According to Environment and Climate Change Canada, the transportation sector is Canada’s second-largest contributor to greenhouse gas emissions at 24 per cent in 2017.
Environment and Climate Change Minister Catherine McKenna and Equiterre co-founder Steven Guilbeault attend an announcement at global Clean Energy Ministerial meetings in Vancouver on May 29, 2019. Photo by Jennifer Gauthier
Canada has become the first country to sign on to the Drive to Zero Pledge, an international initiative aimed at increasing the number of zero and low emission vehicles in the medium- and heavy-duty transportation sector.
By signing the pledge, Canada is joining other partners, including municipal governments, in committing to eliminate barriers and implement mechanisms that accelerate the viability and growth of zero emission technology for these commercial vehicles.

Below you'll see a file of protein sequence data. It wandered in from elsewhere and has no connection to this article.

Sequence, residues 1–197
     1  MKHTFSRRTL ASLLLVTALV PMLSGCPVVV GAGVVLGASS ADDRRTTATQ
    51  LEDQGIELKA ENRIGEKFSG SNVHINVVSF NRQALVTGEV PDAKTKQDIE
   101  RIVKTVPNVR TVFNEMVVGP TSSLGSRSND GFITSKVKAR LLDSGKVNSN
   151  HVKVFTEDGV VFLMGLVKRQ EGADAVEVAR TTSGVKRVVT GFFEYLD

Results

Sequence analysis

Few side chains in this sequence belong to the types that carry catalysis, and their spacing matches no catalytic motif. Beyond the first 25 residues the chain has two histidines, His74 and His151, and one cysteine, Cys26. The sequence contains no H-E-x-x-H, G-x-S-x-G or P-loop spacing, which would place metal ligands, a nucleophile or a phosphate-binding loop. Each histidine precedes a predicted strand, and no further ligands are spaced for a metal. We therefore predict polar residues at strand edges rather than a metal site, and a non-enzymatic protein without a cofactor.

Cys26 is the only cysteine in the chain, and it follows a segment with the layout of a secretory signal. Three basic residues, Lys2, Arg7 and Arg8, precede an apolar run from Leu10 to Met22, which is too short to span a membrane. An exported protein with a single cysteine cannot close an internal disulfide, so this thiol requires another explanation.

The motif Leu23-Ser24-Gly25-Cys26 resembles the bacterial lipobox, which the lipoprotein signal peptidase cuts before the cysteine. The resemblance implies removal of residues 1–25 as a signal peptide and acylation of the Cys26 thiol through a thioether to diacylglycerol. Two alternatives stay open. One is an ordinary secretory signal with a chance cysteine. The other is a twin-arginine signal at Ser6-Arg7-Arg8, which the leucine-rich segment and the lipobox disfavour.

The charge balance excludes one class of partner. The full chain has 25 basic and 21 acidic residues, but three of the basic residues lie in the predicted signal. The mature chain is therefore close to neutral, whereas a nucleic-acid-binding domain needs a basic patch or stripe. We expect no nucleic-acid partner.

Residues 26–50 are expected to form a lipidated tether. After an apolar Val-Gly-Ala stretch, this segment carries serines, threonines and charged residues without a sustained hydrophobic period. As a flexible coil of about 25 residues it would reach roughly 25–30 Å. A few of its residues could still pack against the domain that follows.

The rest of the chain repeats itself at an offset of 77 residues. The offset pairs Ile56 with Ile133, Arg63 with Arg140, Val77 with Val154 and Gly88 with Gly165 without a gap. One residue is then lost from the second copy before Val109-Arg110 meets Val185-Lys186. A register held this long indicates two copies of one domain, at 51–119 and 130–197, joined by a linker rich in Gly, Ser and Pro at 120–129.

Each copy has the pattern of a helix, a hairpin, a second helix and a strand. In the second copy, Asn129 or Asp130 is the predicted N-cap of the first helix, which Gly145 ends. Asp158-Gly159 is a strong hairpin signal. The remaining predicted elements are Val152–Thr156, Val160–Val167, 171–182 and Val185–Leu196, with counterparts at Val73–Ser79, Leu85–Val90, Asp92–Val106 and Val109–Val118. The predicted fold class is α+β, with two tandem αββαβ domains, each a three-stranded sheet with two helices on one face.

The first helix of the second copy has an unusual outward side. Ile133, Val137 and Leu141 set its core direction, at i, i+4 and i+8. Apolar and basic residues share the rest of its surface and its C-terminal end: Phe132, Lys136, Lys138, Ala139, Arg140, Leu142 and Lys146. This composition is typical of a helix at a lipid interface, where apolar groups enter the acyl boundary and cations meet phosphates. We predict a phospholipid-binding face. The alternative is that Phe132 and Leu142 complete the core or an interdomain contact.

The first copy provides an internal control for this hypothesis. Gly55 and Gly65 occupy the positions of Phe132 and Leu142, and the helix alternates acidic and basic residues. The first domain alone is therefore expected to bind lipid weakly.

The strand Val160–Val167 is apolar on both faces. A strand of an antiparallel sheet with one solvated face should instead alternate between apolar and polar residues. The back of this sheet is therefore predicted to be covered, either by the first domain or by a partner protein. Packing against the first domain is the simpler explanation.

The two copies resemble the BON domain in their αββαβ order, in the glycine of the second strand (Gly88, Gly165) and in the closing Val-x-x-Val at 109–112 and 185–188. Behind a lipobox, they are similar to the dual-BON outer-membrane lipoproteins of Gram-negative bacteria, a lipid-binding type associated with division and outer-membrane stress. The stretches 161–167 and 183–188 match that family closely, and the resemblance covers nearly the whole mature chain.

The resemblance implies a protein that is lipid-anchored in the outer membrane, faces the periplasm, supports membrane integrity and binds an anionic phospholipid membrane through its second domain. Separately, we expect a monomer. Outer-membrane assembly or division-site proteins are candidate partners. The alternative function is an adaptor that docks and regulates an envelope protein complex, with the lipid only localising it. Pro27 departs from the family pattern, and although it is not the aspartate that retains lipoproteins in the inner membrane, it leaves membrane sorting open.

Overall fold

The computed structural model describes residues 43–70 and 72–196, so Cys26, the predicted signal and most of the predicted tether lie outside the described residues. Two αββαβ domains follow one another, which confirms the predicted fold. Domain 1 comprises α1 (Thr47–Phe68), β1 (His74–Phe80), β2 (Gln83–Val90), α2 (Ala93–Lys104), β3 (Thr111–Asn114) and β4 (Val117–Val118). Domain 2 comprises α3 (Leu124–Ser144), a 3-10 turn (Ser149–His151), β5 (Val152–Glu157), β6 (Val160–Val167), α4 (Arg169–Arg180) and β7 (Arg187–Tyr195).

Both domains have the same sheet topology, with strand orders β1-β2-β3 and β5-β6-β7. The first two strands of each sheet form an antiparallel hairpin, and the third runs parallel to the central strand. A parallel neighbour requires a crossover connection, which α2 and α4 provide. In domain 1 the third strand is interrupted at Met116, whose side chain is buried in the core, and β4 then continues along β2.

“It’s so important that we look at our medium- and heavy-duty vehicles … our buses and trucks. We can be doing a lot better,” said Environment and Climate Change Minister Catherine McKenna, who announced Canada’s commitment in Vancouver on Tuesday during a global clean energy summit hosted by Natural Resources Canada.
The Clean Energy Ministerial event brought government officials, clean energy experts and private sector stakeholders from more than 25 countries together to exchange ideas for advancing the global transition to a low-carbon economy.
“This is a huge opportunity,” McKenna added. “It’s the excitement about seeing [Canadian] companies … that are really moving the dial.”
The Drive to Zero Pledge is spearheaded by CALSTART, a California-based non-profit and broker for the clean transportation technology industry. The goal of the campaign is to make zero emission technology commercially viable in “beachhead” or smaller markets by 2025, building up to the domination of zero emission technology in commercial vehicle sales globally by 2040. These medium- and heavy-duty vehicles range from box trucks to school buses to eighteen wheelers.
Drive to Zero partners include cities, manufacturers, fleets, fuel suppliers, and now, Canada. The B.C. government and the City of Vancouver have also signed on. MORE